Among licensed healthcare professionals, only medical doctors and nurse practitioners are qualified to conduct a comprehensive medical assessment and provide a concussion diagnosis in Canada. The types of medical doctors qualified to do such an evaluation are: pediatricians; family medicine, sports medicine, emergency department and rehabilitation (physiatrists) physicians; neurologists; and neurosurgeons.

Medical Assessment: The evaluation of an individual by a licensed healthcare professional to determine the presence or absence of a medical condition or disorder, such as a concussion.

Treatment: An intervention provided by a licensed healthcare professional to address a diagnosed medical condition/disorder or its associated symptoms, such as physical therapy.

Multidisciplinary concussion clinic: A facility or network of licensed healthcare professionals that provide assessment and treatment of concussion patients and are supervised by a physician with training and experience in concussion.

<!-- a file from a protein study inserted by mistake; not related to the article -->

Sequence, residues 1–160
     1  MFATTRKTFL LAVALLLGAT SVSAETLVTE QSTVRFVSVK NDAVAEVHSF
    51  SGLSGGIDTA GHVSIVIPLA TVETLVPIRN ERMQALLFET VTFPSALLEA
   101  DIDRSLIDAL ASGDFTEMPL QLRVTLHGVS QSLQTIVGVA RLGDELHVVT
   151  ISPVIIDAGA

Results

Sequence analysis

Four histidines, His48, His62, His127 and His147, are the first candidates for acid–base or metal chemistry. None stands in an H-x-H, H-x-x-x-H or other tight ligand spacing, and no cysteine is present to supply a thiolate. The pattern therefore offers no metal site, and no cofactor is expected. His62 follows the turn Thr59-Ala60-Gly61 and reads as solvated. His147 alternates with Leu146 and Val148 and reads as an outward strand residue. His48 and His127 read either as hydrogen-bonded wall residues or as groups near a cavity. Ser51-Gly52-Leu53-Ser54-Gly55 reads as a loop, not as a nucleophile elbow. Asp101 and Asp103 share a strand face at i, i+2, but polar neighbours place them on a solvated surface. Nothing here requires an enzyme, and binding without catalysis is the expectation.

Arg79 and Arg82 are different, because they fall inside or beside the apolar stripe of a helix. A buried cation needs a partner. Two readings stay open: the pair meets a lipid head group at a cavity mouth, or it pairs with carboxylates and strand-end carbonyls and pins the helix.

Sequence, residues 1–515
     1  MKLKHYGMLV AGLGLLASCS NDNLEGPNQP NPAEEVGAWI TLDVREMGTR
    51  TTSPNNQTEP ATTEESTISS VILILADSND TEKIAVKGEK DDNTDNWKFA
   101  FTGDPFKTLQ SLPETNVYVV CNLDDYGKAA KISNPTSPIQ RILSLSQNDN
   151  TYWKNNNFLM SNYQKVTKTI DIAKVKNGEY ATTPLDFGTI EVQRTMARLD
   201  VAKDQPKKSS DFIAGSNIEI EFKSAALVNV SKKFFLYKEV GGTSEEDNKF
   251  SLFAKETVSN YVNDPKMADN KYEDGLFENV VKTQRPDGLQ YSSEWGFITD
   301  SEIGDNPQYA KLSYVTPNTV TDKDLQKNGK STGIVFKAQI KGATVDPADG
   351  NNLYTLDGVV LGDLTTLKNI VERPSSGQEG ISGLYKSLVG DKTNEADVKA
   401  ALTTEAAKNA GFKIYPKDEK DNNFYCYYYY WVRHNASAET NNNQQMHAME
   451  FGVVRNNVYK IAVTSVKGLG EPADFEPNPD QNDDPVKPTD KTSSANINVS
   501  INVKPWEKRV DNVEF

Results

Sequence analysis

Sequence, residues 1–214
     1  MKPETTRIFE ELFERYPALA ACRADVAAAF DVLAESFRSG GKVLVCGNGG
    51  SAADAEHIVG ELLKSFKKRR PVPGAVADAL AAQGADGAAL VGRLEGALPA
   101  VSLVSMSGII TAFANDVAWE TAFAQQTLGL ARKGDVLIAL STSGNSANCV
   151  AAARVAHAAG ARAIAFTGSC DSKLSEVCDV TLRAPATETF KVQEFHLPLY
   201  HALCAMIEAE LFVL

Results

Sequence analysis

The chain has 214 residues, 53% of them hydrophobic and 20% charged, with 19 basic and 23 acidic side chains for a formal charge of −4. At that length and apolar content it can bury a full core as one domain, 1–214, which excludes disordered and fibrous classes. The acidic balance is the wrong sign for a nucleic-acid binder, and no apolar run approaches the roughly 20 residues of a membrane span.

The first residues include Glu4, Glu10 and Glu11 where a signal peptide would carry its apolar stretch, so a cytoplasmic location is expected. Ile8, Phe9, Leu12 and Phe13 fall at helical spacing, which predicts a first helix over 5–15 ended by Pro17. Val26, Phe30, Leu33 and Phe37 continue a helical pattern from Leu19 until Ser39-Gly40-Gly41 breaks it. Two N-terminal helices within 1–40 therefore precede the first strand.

Tool: A standardized instrument or device that can be used to help recognize an event (i.e. a suspected concussion) or assess an individual with a suspected medical diagnosis (i.e. Sport Concussion Assessment Tool 5).

Document: A standardized written letter or form that can help facilitate communication between sport stakeholders.

Concussion Recognition Tool – 5th Edition (CRT5): A tool intended to be used for the identification of suspected concussion in children, youth, and adults. Published in 2017 by the Concussion in Sport Group, the CRT5 replaces the previous Pocket Concussion Recognition Tool from 2013.

Sport Concussion Assessment Tool – 5th Edition (SCAT5): A standardized tool for evaluating concussions in individuals aged 13 years or older, designed for use by physicians and licensed healthcare professionals. Published in 2017 by the Concussion in Sport Group, the SCAT5 replaces the previous SCAT3 from 2013.

Child Sport Concussion Assessment Tool – 5th Edition (Child SCAT5): A standardized tool for evaluating concussions in individuals aged 5 to 12 years, designed for use by physicians and licensed healthcare professionals. Published in 2017 by the Concussion in Sport Group, the Child SCAT5 replaces the previous Child SCAT3 from 2013.